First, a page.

We compare low cost life insurance vs commission based policies vs those you can buy through fee only insurance agents.
Every financial plan should have a risk management or insurance component. Yes, we all know the importance of life and disability insurance, and health and long-term care. And, annuities, despite their criticism, also have a place when some people need the tax-deferral and/or guaranteed income options. But, the use of all these products falls right smack in the middle of the heated fee only versus commission advisor debate. But, this debate has been primarily investment centered and has not focused on the risk management component as much.
You may have already decided on which side of the debate you sit — you may be comfortable paying commissions to your advisor or you may have chosen to work within a fee-for-service model. Where you fall on this issue may ultimately lead you to the type of insurance you do get. Historically, insurance has been sold via high commissions, but like the rest of the industry, this has evolved to include other fee models. The choice is up to you and whether the level of conflict of interest in the various choices will be acceptable for you.
Paying For Life Insurance: Reviewing Insurance Payment Models
Let’s go over a few systems that agents use to sell insurance, shall we?
1. The commission-driven system is the traditional approach.
2. The low load approach that’s direct to consumers.
3. Through a fee only life insurance advisor.
There are actually pros and cons for each approach, and it turns out that it’s not always about the money. If you’re going to buy insurance, do be aware about how each of these systems work!
The Commission-Driven Life Insurance Payment Model
The traditional system tends to be the most expensive, in my opinion. Life insurance companies will compensate their agents with super high commissions, particularly for the first year. I am familiar with this because my sister worked at State Farm, and they had this model in place. Commissions would often amount to 50% to 90% of first year premiums.
The challenge of signing new customers up for life insurance in itself merits these types of high commissions. No surprise then, that this structure is considered the compensation linchpin of the life insurance industry.
You may wonder why these commissions are on the high side — well, it’s not an easy road to actually convince people to buy insurance, is it? So a skillful salesperson who does the job gains his or her rewards accordingly. So it makes sense that the insurance agent’s (e.g. salesperson’s) goal is to try to generate the highest premiums he can get; he’s not necessarily around to give you the highest quality recommendation, the most accurate analysis of your policy, or even the best service. Due to consumer behavior, this type of work demands the kind of compensation rates that are set by companies. After all, it’s the market that sets those rates.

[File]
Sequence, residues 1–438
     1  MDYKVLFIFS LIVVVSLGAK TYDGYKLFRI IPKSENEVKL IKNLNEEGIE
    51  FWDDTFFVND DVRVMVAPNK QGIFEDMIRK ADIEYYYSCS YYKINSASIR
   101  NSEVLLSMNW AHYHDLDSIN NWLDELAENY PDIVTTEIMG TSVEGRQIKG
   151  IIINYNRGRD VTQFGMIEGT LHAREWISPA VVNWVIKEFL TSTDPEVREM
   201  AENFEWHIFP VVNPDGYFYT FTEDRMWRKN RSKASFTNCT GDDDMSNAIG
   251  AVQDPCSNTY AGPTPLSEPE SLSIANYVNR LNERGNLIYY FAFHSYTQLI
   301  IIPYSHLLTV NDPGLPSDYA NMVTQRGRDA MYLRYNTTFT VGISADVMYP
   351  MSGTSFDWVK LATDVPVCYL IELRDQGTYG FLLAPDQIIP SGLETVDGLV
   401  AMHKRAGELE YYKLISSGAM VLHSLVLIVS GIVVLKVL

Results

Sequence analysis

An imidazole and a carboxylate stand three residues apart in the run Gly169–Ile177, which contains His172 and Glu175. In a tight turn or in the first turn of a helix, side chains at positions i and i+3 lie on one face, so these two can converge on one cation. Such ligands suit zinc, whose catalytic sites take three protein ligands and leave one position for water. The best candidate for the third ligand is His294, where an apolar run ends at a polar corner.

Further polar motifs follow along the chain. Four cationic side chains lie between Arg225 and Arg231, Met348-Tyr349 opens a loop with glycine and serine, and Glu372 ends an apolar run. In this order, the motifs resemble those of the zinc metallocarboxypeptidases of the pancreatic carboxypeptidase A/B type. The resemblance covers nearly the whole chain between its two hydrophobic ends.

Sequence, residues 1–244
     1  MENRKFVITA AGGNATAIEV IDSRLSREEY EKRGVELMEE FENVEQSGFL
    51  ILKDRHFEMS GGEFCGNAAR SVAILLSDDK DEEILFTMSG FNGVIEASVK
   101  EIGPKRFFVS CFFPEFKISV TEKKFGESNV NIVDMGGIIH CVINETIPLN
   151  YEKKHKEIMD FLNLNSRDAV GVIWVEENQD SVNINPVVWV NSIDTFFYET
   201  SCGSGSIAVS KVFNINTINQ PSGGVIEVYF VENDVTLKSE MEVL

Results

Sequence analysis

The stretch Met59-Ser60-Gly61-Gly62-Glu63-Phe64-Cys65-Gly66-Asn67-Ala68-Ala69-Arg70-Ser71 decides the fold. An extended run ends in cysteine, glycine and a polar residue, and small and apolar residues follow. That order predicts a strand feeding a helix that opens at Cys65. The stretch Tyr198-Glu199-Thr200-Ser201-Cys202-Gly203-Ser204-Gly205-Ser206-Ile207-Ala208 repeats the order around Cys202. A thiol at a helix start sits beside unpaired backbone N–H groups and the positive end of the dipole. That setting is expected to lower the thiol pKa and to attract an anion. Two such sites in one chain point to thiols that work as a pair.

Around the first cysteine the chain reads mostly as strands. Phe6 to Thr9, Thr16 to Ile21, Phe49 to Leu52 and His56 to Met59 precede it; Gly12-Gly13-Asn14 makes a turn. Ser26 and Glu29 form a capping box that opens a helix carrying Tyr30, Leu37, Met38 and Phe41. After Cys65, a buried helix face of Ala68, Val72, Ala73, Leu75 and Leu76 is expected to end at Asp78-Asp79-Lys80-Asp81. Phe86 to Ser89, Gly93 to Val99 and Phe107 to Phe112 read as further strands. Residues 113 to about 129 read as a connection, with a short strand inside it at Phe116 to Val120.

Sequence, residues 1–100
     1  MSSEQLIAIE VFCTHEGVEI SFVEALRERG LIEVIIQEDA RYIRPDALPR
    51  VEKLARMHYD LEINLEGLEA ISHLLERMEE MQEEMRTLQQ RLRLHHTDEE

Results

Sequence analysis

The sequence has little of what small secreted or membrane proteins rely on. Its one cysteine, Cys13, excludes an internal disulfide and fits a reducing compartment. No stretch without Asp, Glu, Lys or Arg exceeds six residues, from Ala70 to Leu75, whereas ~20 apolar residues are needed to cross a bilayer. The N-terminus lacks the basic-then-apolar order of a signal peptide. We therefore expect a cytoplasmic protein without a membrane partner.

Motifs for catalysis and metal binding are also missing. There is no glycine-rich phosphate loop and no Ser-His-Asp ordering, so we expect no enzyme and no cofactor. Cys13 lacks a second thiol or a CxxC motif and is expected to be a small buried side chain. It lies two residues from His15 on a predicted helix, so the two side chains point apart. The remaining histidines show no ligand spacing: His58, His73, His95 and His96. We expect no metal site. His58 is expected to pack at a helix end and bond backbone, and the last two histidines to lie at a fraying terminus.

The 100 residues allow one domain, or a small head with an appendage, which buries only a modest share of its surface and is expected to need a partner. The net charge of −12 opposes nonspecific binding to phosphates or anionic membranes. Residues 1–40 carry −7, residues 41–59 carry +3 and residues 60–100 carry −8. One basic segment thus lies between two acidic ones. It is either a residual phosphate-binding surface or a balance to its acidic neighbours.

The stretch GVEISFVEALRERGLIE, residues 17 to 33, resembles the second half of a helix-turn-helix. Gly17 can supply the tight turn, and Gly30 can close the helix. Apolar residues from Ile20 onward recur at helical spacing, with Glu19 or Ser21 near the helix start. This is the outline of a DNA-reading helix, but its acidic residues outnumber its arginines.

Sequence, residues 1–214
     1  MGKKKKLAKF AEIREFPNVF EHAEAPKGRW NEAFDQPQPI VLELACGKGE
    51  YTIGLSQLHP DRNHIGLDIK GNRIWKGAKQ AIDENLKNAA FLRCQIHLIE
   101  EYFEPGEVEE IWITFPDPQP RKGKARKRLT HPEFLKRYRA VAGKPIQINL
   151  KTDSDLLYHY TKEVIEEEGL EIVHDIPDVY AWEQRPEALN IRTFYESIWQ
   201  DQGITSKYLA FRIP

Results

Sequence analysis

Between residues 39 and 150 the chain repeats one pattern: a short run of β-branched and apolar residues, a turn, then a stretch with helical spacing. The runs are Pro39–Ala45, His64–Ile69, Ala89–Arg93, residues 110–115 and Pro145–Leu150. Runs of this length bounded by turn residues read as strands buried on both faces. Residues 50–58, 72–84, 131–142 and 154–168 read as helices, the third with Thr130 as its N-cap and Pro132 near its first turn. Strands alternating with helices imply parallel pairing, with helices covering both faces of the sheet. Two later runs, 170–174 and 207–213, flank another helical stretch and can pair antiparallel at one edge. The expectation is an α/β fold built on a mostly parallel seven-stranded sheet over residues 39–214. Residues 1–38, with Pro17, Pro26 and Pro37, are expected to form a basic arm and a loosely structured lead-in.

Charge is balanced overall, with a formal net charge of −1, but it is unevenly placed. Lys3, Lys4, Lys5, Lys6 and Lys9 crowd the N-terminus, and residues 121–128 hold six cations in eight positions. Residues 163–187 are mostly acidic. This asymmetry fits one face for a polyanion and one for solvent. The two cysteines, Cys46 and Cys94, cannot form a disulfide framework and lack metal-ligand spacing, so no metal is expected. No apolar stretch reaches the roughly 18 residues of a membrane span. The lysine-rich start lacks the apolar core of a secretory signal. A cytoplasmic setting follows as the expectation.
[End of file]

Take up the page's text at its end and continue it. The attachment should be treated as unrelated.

Want Cheap Life Insurance? Here’s Where To Get It
Now there’s another option for more savvy consumers who’d like to take the reins on policy shopping. So what about the low load approach that is done direct-to-consumer? Companies in this bucket will simply give you contact information so that you can call a toll-free number for what you need. Or you take the initiative to go on the web, do the research needed and figure out your options before you end up purchasing a policy.
When you buy a cheaper policy, there’s a portion of the premium set aside for costs. Those folks involved in selling you your policy are usually paid a salary so they aren’t as “in your face” as the commission oriented agents. This option is probably better for you if you’re more the type who prefers the soft sell. This is the option that more knowledgeable and financial savvy consumers take in order to keep their costs low.
The Fee Only Approach To Life Insurance
The third system available to consumers who are shopping for life insurance (or who are seeking insurance planning and policy analysis) is the fee only approach. Fee only insurance agents are paid with a fixed fee. Make sure that if you go with this type of payment method, that you aren’t secretly being made to pay a commission.
The pay here can either be hourly or fixed rate (say a percentage of the policy). In this situation, there is no secret agenda to sell something more to you for extra. Typical fee only agents are objective plus lower cost as a result of this set up.
Consumers who don’t believe that life insurance planning and policy analysis are all that complicated, who are seeking “cheaper” policies, and who are reluctant buyers who need to be pursued, far outnumber consumers who may see value in paying hourly fees for objective fee only, insurance advice. This is why most life insurance consumers opt for the commission-driven and low-cost products.
In the end, it is up to you and me to determine which model works best for our situation. For me, I am always most comfortable making a purchase decision with someone who is as objective as possible, but who currently does not have insurance needs that require more thorough analysis. It’s up to you how you prefer to work with an advisor — just know that under different arrangements, the advisor will have different motivations.
With contributions from Todd Smith.
Created March 23, 2010. Updated December 6, 2012. Copyright © 2012 The Digerati Life. All Rights Reserved.